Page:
World Heritage Watch Report 2024: Can UNESCO Still Protect the World Heritage?

2024.06 WHW Report 2024 cover pageOn June 1, 2024, World Heritage Watch a non-governmental organization that closely monitors the condition of natural and cultural sites included in the World Heritage List and the Tentative List, announced the release of the next report (1).

«Today, the non-governmental organization World Heritage Watch presents its tenth annual report on threats to UNESCO World Heritage Sites. It contains 55 contributions from all continents on cultural monuments, historic city centers, cultural landscapes and nature reserves, including several with indigenous populations.

Every year, the World Heritage Watch Report highlights the state of humanity’s common heritage. It is submitted to the UNESCO World Heritage Centre and the Member States of the International Convention Concerning the Protection of the World Natural and Cultural Heritage (“World Heritage Convention”) to help them make a more comprehensive assessment of the threats and take more appropriate decisions to address them».

Global trends are not encouraging. In many countries, «local communities have been waiting for years for more decisive action from the UNESCO World Heritage Committee, for example in Stonehenge, Diyarbakir, St. Petersburg and the Acropolis of Athens. Frustration is growing that this body, made up of diplomats, gives priority to political interests rather than to the protection of heritage. In Venice, at Lake Ohrid, but also on the Upper Middle Rhine Valley, people have almost lost hope that the UNESCO World Heritage Convention can deliver on its promise to protect the sites under their tutelage».

There is also positive news. «Last year, President Biden declared nearly 1 million acres (404,685.642 ha) adjacent to Grand Canyon National Park a national monument, not only prohibiting further uranium mining, but also protecting sacred sites of several indigenous nations».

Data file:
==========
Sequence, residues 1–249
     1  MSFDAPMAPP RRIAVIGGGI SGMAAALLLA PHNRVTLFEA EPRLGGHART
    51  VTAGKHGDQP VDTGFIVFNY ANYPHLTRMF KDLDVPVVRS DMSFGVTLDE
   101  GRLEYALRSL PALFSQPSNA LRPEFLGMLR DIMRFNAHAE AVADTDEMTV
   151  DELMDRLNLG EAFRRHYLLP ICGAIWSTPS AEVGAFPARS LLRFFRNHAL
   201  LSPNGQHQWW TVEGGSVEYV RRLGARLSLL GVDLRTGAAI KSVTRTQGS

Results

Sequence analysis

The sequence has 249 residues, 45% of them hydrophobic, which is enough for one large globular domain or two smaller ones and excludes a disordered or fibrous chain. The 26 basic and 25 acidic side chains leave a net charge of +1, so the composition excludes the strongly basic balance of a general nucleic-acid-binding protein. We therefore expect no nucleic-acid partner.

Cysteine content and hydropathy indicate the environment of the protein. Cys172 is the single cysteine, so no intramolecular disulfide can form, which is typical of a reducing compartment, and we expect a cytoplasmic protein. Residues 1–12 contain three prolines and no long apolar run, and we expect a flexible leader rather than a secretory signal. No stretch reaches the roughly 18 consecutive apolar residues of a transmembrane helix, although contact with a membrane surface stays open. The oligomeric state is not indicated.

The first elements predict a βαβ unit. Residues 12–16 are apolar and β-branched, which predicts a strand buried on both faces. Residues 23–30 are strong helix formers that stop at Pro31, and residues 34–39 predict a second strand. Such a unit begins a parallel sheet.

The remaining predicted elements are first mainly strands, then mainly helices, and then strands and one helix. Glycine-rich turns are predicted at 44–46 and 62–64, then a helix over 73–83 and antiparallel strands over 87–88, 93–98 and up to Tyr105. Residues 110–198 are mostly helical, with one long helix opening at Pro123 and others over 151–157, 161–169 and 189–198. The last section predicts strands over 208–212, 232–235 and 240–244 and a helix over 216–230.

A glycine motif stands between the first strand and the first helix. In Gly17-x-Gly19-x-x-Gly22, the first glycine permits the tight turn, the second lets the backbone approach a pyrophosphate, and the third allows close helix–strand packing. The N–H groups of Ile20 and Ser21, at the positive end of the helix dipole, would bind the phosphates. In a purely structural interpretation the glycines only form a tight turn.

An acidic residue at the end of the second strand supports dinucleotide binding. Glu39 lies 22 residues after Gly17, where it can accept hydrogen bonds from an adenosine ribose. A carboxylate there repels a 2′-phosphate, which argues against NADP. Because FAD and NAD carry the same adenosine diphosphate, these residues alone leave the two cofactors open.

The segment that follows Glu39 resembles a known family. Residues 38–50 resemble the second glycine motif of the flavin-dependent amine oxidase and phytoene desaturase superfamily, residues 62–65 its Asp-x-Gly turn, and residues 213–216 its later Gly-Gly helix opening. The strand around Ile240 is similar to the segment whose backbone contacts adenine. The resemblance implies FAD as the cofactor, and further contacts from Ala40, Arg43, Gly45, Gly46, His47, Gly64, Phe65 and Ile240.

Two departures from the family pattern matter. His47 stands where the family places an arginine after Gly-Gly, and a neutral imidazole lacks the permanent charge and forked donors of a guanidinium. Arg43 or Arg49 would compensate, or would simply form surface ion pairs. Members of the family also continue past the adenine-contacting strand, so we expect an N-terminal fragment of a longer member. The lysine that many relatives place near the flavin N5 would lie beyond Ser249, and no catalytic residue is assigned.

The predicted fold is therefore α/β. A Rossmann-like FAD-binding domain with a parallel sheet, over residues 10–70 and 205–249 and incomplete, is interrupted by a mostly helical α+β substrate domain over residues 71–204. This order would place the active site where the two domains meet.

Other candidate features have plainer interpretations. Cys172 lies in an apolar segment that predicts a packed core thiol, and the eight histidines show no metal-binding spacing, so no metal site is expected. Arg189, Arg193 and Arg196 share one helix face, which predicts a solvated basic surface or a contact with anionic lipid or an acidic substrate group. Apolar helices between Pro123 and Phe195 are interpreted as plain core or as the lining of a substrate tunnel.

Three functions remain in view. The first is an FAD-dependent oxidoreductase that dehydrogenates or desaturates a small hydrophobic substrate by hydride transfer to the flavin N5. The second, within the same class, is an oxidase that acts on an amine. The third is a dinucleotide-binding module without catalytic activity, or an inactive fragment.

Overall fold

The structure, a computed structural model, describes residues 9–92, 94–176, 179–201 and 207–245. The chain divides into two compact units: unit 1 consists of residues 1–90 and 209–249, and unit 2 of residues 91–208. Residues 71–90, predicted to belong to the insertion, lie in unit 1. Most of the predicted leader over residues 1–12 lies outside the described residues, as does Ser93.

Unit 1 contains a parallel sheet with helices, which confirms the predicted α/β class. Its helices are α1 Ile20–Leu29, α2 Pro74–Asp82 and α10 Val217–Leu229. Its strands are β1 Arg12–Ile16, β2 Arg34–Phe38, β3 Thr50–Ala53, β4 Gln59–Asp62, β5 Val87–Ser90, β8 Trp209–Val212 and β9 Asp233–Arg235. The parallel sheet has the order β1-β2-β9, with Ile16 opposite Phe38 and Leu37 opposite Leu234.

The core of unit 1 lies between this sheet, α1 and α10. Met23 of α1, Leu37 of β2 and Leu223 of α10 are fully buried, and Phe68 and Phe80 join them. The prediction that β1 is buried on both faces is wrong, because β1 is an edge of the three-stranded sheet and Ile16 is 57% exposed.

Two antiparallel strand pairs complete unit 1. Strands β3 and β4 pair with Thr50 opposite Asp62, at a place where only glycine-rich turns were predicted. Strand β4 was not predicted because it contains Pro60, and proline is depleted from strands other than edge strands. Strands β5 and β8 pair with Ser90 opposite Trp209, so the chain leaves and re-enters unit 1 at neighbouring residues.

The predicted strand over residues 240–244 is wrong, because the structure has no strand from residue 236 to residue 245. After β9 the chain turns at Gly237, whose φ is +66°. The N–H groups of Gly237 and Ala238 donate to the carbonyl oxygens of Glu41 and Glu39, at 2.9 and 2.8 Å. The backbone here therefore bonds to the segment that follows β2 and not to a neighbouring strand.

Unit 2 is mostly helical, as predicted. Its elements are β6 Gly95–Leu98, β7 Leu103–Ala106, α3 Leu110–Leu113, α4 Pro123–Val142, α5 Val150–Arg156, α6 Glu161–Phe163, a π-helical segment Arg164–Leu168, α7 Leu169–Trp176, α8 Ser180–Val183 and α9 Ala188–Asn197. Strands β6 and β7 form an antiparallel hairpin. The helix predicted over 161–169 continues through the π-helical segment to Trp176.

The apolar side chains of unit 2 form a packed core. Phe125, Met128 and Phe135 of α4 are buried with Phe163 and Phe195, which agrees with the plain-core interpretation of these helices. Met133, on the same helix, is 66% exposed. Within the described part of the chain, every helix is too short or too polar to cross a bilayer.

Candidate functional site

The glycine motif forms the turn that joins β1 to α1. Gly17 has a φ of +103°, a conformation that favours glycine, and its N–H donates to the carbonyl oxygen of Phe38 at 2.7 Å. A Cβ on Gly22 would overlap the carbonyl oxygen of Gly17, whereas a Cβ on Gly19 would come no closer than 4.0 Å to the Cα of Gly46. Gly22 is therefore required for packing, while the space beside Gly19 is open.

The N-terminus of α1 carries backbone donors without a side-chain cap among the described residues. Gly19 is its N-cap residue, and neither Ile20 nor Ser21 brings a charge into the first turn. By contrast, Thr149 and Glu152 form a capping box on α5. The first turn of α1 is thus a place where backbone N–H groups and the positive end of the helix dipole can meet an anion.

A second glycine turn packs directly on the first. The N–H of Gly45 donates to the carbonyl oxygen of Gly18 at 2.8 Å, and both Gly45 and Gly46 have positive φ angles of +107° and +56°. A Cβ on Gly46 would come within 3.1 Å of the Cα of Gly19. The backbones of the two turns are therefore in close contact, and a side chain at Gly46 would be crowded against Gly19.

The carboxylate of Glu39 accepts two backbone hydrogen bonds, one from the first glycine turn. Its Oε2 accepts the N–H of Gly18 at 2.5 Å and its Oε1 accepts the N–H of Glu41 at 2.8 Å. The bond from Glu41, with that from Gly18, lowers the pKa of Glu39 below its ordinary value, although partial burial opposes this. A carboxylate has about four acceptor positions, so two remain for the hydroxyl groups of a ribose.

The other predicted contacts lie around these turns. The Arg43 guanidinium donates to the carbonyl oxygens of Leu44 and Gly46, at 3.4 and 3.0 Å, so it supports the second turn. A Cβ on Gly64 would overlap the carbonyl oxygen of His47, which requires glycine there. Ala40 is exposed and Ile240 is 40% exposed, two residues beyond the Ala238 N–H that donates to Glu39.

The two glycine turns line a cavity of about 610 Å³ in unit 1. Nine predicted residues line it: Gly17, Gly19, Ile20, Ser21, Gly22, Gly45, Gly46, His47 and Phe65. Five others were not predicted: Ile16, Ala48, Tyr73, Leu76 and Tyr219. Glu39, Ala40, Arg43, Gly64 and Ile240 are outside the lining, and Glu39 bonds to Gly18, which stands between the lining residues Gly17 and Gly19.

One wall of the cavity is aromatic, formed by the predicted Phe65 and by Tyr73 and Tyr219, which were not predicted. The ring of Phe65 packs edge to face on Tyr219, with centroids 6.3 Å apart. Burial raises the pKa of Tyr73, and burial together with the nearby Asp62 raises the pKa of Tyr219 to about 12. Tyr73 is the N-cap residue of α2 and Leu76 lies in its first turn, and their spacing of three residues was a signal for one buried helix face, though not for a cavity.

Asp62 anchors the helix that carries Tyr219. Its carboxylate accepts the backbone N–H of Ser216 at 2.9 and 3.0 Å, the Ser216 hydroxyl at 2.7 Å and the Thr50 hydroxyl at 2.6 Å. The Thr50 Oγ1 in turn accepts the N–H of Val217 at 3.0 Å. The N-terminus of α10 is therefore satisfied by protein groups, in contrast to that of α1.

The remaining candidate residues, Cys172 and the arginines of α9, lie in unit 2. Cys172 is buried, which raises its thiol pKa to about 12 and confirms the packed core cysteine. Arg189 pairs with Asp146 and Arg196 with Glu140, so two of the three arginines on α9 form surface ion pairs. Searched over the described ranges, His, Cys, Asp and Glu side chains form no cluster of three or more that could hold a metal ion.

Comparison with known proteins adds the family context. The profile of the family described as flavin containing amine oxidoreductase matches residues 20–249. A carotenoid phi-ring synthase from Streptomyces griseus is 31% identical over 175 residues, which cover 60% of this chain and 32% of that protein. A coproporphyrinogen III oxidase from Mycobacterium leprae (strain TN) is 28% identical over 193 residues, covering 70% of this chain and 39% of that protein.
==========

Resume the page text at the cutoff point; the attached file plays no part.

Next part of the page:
2023.10.06 Аксай 4472Two publications in the report are dedicated to Kazakhstan. The Ecological Society Green Salvation prepared the material «Legal obstacles to the implementation of the World Heritage Convention in the Republic of Kazakhstan». It highlights the situation in the Ile-Alatau National Park, which was included in the Tentative List for inscription on the World Heritage List back in 2002. Another material, «Imminent threats to the Western Tien Shan in Kyrgyzstan, Uzbekistan and Kazakhstan», talks about threats to the transboundary World Heritage site The Western Tien Shan, which was inscribed on the World Heritage List in 2016.

The main threats to World Heritage sites in Kazakhstan remain the same. This is the inconsistency of many norms of national legislation with the norms of the Convention, poor implementation of its requirements by government and business structures, economic development of specially protected natural areas, overtourism, and depletion of water resources, urbanization, and ineffective management.

We invite interested readers to familiarize themselves with the important and informative materials of the report.


1. WHW –